by Fr. Patrick Henry Reardon
Whereas in Luke’s presentation of Jesus’ prayer the Savior appears as the sacrificial victim, in John’s presentation he is portrayed, rather, as the sacrificing priest. The relevant text is Jesus’ lengthy prayer in John 17.
Notwithstanding the subtlety of John’s portrayal, Bible-readers have for centuries described the material in John 17 as the “high priestly prayer.” In the following reflections I will argue that they are correct.
We should begin, I think, by attending to the structure of the prayer:
First, Jesus prays for himself:
“Father, the hour has come. Glorify Your Son, that Your Son also may glorify You . . . And now, O Father, glorify me together with Yourself, with the glory which I had with You before the world was.”
Second, and in more detail, Jesus prays for the Apostles who are with him, his immediate family, as it were, those whose feet he has washed:
“I pray for them. . . . Keep through Your name those whom You have given me. . . I do not pray that You should take them out of the world, but that You should keep them from the evil one. . . . Consecrate them in truth.”
Third, Jesus prays for the whole People of God, those who
“believe in me”
through the testimony of these Apostles. Jesus’ prayer for this larger group is likewise manifold; it includes the unity of the believers, the proclamation of the Gospel to the world, and the revelation of the divine glory. Jesus prays,
“that they all may be one, as You, Father, are in me, and I in You . . . that they may be made perfect in one, and that the world may know that You have sent me, and have loved them as You have loved me . . . that they may behold my glory which You have given me.”
It is instructive to observe that the three-fold structure of this prayer of Jesus corresponds to the triple concern of the priest on Yom Kippur, as prescribed in Leviticus 16: First and second, the priest makes the sin offering (hahatta‘th),
“which is for himself, and to make atonement (kipper) for himself and for his household” (Leviticus 16:6, 11).
Third, having sprinkled the blood of the victim on the mercy seat (kapporet), the priest offers another victim,
“which is for the people” (16:14-15).
Leviticus directs specific attention to this triple concern of Yom Kippur, during which the priest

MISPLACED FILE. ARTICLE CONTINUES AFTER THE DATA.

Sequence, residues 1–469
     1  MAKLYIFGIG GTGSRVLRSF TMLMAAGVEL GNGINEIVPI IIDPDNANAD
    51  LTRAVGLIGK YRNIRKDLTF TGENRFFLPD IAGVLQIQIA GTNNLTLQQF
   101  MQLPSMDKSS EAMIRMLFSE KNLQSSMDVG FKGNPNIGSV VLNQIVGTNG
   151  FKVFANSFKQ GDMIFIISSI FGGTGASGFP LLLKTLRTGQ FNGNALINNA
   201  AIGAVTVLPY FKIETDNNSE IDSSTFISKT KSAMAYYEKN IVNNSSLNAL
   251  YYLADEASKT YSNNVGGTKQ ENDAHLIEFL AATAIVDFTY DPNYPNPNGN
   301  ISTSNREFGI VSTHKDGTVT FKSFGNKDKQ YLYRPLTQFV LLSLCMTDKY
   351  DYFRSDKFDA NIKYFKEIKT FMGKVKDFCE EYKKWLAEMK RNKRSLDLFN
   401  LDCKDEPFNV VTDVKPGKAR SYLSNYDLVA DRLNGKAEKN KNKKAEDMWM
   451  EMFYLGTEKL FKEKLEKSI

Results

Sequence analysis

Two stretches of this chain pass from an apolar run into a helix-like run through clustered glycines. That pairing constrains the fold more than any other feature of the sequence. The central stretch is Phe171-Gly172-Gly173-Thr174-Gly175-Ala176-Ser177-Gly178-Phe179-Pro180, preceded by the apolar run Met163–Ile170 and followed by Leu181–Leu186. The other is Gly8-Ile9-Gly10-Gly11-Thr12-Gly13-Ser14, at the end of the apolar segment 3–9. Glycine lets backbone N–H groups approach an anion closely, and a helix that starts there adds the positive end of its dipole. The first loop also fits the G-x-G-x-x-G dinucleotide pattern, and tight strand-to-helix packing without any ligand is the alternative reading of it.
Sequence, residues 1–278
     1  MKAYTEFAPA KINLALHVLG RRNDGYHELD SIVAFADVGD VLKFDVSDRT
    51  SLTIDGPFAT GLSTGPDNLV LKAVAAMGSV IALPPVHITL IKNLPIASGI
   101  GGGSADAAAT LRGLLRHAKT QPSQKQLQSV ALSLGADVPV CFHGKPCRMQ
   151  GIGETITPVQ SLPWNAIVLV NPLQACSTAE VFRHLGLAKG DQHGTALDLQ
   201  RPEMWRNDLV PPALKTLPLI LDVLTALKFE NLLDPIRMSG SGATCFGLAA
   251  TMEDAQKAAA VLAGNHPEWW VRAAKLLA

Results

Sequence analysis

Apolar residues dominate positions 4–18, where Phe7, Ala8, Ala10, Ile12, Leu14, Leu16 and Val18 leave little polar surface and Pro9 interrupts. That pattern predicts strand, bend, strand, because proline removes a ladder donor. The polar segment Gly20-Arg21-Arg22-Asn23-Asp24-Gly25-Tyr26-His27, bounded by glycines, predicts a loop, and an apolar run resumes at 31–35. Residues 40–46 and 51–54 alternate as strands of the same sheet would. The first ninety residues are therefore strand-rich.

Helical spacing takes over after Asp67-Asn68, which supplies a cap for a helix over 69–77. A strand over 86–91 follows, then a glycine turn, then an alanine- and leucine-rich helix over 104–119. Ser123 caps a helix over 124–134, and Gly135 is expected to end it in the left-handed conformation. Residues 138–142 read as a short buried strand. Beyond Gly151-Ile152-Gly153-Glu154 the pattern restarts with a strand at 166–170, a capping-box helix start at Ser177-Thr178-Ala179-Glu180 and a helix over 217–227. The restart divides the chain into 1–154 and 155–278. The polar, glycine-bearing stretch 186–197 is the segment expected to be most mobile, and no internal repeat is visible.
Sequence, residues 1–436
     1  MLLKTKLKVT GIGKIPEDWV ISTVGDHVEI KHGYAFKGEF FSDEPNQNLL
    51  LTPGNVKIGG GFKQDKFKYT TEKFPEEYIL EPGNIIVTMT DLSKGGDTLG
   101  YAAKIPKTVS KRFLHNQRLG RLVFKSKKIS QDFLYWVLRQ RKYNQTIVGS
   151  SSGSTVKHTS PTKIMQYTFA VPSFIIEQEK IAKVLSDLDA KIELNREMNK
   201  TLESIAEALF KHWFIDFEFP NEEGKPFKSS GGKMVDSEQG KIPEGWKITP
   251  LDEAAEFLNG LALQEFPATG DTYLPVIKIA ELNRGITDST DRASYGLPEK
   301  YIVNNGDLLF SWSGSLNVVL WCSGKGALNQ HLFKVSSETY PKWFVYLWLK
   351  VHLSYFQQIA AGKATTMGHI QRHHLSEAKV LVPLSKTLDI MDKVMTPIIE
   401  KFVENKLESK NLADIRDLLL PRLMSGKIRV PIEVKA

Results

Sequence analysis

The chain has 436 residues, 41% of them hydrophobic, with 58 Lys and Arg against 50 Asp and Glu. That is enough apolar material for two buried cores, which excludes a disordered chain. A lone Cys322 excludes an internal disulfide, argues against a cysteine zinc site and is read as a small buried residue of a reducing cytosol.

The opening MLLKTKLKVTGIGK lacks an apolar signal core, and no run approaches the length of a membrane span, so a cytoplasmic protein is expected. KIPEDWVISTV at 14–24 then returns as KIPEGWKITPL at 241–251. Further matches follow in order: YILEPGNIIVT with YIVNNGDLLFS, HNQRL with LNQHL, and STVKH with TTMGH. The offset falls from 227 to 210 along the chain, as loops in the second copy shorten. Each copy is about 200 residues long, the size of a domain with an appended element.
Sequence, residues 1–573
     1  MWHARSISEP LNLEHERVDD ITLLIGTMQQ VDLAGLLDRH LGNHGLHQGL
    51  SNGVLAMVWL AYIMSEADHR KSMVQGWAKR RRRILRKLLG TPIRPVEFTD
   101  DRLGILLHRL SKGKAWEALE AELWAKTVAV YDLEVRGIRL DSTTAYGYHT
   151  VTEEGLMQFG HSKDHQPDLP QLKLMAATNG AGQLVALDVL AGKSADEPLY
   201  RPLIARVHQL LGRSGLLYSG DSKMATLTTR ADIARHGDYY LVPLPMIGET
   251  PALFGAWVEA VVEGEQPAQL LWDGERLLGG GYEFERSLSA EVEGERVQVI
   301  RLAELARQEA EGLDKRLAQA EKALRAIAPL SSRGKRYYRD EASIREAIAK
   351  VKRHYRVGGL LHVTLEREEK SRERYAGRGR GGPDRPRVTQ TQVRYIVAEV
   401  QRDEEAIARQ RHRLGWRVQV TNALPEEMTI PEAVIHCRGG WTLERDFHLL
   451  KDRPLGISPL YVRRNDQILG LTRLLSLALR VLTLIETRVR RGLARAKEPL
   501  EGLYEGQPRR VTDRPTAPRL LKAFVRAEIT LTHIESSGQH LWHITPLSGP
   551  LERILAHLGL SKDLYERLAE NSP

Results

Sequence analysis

“makes atonement (kipper)
 for himself,
 for his household, and
 for all the assembly of Israel” (16:17).
The structure of this three-fold concern seems identical to what we find in John 17.
The priestly quality of Jesus’ prayer is also apparent in its references to consecration. Here the verb hagiazo, to “sanctify” or “consecrate,” appears three times in immediate succession:
“Consecrate them in truth. . . . And for their sakes I consecrate myself, that they themselves, likewise, may be consecrated in truth.”
In the traditional Greek translation (Septuagint) of the Torah, the verb hagiazo (along with its nominal cognates) is frequently found in references to the consecration of the priests and of the appointments of the priestly ministry (for instance, twelve times in Exodus 29 and six times in Leviticus 22). The use of this same verb in Jesus’ prayer summons to mind those priestly associations in the Torah. The verb’s concentrated appearance in this prayer amply explains why Christians have long referred to it as “high priestly.” This description manifests an intuition—as early as Cyril of Alexandria (cf. In Joannem 1.8)—that the Johannine Christ is especially Christ the Priest.
The faith of the first Christians included the perception that the priestly self-consecration of Jesus was an essential component of our Redemption. That is to say, they believed that Jesus knew himself to be the priest and that, as the priest, he offered himself in sacrifice in an intentional way.
Although there is no evidence that Christians used the noun “priest” in reference to Jesus until it appeared in the Epistle to the Hebrews, the idea itself was familiar enough for the Apostle Paul to write,
“Christ loved us and handed himself over (paredoken) for us, an offering and a sacrifice to God for a sweet aroma” (Ephesians 5:2).
In this passage Paul deliberately employs the language of priestly ritual to elaborate on his earlier reference to
“the Son of God, loving me and handing himself over (paradontos) for me” (Galatians 2:20).